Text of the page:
Climate change is the most obvious example, but it is one of a large number of ways in which we are modifying the planet. The scientific community is now converging on the idea that we have entered a new phase, or epoch, of Earth history — one in which the net activity of humans has become a powerful agent of geological change, equal to the other great forces of nature that build mountains and shape continents and species. The proposed name for this new epoch is the "Anthropocene" or the age of humanity. Many species have changed the planet, like the cyanobacteria that long ago pumped oxygen — terribly poisonous for most life at the time — into the atmosphere. But there has never before been a geological force aware of its own influence. We are witnessing something unprecedented and still completely unpredictable: the advent of self-aware geological change.
As an astrobiologist, I study the evolutionary relationships between life and the planets that may host it. The planetary perspective allows us to step away from the noise of the immediate present, to see ourselves from a distance. When we do so, what we see is an entirely new evolutionary stage in the development of life. We also see the planet entering a phase where cognitive processes are becoming a major agent of global change. Earth’s biosphere gave birth to humans and our thoughts, which are now reshaping its planetary cycles. A planet with brains? Fancy that. Not only brains, but limbs with which to build and manipulate tools. We are just beginning to come to grips with this strange new development. Like an infant staring at its hands, we are becoming aware of our powers but have not yet gained control over them.
It’s a challenging moment for human civilization. The great restless cleverness of our species has gotten us into a tough spot. Our collective actions threaten the well-being of many of our fellow humans, not to mention vast numbers of our more distant biological relatives. Our very survival may be threatened. Paradoxically this comes at a time, and even largely as a result, of unparalleled advancement in our scientific and technological prowess. But if we’re so great at figuring things out and inventing solutions to problems, how come we’re in this mess? Part of the reason we are, so far, stumbling through this transition is that we have not yet seen it clearly for what it is. Our fundamental Anthropocene dilemma is that we have achieved global impact but have no mechanisms for global self-control. To the extent that we are like some kind of global organism, we are still a pretty clumsy one, crashing around with little situational awareness, operating on a scale larger than our perceptions or motor skills.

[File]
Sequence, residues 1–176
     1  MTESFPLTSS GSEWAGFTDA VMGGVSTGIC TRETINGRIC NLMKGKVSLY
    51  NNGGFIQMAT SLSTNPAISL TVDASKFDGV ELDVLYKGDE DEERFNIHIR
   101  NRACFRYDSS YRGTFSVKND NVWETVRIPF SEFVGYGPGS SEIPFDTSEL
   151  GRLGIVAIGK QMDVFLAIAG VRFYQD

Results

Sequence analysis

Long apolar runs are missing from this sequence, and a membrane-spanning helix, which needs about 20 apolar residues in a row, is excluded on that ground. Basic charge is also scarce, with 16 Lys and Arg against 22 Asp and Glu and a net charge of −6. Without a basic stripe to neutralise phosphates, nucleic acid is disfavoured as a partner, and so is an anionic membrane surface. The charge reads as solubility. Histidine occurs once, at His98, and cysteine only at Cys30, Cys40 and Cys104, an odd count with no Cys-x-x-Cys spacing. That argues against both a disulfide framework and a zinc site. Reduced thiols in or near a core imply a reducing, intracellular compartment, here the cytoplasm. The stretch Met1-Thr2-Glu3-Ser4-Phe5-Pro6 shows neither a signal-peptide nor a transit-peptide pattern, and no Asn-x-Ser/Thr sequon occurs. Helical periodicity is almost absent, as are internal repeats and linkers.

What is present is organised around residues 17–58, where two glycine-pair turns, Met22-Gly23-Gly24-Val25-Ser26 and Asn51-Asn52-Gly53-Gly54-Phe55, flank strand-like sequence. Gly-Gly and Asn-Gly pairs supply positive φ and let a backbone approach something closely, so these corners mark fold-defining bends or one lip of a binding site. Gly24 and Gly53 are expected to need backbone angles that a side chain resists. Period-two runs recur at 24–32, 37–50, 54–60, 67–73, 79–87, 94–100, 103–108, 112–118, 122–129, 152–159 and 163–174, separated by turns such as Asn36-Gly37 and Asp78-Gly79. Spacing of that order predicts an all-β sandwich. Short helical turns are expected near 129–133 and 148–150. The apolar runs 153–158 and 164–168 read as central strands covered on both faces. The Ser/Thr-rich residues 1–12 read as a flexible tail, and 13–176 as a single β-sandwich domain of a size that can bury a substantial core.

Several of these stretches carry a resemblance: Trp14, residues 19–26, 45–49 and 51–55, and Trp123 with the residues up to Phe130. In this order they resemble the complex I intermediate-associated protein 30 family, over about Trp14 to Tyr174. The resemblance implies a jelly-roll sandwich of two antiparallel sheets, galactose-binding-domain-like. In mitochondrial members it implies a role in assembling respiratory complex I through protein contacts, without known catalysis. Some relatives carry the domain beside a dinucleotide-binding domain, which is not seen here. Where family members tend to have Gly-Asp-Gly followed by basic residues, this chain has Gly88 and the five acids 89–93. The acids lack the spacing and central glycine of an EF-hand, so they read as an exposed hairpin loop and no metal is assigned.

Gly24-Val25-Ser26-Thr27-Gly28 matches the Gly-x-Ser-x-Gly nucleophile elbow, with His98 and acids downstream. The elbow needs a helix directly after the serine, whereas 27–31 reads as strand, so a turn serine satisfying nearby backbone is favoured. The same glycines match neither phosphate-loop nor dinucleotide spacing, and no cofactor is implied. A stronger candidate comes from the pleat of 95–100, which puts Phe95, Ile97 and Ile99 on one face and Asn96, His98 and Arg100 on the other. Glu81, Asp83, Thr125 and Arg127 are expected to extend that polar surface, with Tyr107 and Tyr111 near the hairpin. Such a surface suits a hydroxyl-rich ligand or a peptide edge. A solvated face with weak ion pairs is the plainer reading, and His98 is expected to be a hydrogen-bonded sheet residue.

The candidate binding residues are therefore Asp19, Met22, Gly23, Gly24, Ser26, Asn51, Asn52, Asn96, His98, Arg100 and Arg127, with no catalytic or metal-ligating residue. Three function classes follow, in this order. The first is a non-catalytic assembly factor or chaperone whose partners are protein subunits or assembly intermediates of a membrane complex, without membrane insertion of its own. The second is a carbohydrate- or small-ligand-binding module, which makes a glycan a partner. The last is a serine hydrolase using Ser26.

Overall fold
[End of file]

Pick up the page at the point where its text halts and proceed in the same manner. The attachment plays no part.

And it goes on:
We have, unconsciously, been making a new planet. Our challenge now is to awaken to this role and grow into it, becoming conscious shapers of our world. There are some ways in which our evolutionary history and our unique plasticity as a species may equip us for the job.
Some of the most amazing things are very easy to take for granted. How cool is it that you are reading this? By thwacking away at these dirty little plastic keys in some coded pattern, I’m sending you a detailed message over expanses of space and time. Our fingers were not evolved for this. They were made for grasping and throwing, touching, making tools, making dinner, making love. And yet the human nervous system is so flexible, seemingly made to be rewired as needed. Time and time again our species has escaped existential threats by reinventing ourselves, finding new skills not coded in our genes to survive new challenges not previously encountered.